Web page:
War deserves protest

Jonathan Rettinger’s article from April 3 perfectly encapsulates my frustration with the current action in Iraq. Whether you endorse or oppose this war, it represents a true crossroads for the globe that will have profound repercussions.

The question of whether this war will be fought is now moot, and yet, the larger ethical backdrop remains. We have to ask what we really want out of this.

Diplomacy did fail, if in fact it ever had a chance to succeed. Unfortunately, it seems the current course of action was chosen a long time ago, and has since been corroborated by a progression of new motives – terrorism, regime change, weapons of mass destruction, U.N. authorization, democratization.

There are justifiable reasons for fighting tyranny, and yet everyone should question a doctrine of shoot first ask questions later.

Regardless of the success of our armor or the intelligence of our bombs, thousands of people have already died and continue to die. This is why we should ask questions. This is why we should protest.

This is America goddamnit. Dissent cannot be shrugged off as unpatriotic or fashionable. Peace is not a bad word. The “you’re with us or you’re with Hitler” line is maybe as offensive as it is ignorant.

You should not be so eager to wield the Holocaust flashcard, even though it has become a popular tactic of late. This reasoning exhibits either a gross misunderstanding of history or a failure to really conceptualize the deaths of millions.

We should remember the Holocaust, but we should also remember that those millions have already been used to scare people into military action. Fear is far too powerful a motive to bat around like a yarn ball.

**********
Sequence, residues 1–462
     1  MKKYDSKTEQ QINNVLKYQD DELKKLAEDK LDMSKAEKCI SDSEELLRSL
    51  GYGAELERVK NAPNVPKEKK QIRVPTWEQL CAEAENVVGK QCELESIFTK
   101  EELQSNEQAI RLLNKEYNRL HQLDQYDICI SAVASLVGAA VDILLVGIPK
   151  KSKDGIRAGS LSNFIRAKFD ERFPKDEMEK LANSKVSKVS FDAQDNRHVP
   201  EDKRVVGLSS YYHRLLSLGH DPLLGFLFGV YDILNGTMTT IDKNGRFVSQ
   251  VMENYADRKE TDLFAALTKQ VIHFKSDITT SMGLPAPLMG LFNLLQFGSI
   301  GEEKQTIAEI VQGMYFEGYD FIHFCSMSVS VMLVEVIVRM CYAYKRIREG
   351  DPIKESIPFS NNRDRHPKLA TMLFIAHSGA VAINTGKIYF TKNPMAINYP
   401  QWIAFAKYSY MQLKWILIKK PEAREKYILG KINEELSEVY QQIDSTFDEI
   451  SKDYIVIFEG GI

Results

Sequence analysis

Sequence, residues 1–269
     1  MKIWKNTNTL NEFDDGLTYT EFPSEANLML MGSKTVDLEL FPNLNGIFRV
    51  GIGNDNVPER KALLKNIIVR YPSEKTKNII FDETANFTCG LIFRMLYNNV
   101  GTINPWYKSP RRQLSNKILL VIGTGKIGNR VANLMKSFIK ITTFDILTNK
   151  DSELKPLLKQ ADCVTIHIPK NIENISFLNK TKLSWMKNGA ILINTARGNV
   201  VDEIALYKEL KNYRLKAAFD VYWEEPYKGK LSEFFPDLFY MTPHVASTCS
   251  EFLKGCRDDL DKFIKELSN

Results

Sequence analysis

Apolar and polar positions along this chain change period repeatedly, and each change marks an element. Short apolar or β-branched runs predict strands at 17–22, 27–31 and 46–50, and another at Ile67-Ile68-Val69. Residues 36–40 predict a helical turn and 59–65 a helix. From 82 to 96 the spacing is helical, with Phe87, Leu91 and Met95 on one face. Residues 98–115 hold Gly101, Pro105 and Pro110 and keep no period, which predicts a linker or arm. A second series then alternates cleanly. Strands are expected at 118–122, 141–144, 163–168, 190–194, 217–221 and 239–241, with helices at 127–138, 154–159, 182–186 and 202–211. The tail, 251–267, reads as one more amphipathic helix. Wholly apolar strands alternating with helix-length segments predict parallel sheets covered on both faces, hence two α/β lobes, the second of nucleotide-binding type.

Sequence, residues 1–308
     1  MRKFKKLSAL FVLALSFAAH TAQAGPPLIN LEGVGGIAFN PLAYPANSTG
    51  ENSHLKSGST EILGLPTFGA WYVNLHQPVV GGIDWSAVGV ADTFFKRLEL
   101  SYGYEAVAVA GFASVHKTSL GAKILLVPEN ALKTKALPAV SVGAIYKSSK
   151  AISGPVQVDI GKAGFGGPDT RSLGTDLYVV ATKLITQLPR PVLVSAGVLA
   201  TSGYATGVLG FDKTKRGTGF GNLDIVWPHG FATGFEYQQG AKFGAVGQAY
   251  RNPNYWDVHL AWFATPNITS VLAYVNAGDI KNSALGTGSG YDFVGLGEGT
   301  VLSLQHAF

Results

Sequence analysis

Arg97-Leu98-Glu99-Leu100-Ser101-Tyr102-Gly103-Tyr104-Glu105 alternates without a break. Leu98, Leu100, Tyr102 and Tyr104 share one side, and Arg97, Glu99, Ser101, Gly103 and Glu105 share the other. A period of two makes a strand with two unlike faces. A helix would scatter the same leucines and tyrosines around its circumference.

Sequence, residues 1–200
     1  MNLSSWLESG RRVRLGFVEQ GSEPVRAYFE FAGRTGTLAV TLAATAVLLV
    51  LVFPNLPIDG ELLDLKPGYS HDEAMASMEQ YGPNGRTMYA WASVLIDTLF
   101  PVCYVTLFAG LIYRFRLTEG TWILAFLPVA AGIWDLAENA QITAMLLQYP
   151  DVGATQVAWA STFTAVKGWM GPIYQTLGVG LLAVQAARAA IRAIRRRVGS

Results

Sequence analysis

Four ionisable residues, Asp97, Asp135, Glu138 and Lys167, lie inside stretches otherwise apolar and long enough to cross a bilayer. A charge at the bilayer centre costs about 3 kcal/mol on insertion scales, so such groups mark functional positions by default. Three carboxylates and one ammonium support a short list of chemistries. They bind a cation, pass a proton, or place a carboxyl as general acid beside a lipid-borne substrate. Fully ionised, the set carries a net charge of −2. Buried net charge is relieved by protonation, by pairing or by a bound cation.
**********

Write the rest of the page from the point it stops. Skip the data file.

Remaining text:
Every war deserves protest. Protest is the only way to ever elicit change. War is an occasionally necessary means to a seldom peaceful end.

In fact the only certainty in war is that it will always lead to more war – even your precious World War II. So why should the many objectors be content to sit and wait for the next chance to vote? Our own leadership has shown a preference for firing missiles over waiting for democracy to play out. Is this the same fold-your-hands-and-shut-up democracy that the survivors in Iraq can look forward to?

Like Mr. Rettinger, I hope very deeply that this war is executed as quickly and successfully as possible. At least in that we can minimize the inflicted suffering and hopefully placate those we have not killed by handing them back some sort of life.

Perhaps it will be better for them. This is the best we can hope for. That, and that the citizens of our nation do not have to suffer for failed diplomacy in the way that others already have.

But if all else fails, we can at least keep making our bombs smarter.

-Jeff Moore

Graduate Student



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